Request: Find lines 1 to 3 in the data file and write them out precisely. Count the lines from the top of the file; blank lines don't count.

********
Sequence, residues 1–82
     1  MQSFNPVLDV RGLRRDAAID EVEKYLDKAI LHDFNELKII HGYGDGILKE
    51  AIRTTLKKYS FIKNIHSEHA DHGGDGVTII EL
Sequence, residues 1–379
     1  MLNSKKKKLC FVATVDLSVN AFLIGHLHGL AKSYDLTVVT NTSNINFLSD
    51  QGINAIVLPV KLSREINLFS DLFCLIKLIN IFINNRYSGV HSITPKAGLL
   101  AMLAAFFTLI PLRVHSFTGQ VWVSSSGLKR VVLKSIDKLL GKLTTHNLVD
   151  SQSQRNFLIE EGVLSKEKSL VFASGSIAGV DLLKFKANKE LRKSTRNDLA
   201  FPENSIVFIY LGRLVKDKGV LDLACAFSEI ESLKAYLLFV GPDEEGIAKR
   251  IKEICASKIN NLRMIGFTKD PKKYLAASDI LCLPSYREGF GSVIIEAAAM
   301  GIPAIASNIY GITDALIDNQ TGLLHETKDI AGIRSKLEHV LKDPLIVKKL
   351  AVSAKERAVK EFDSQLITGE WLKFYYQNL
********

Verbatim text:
Sequence, residues 1–82
     1  MQSFNPVLDV RGLRRDAAID EVEKYLDKAI LHDFNELKII HGYGDGILKE
    51  AIRTTLKKYS FIKNIHSEHA DHGGDGVTII EL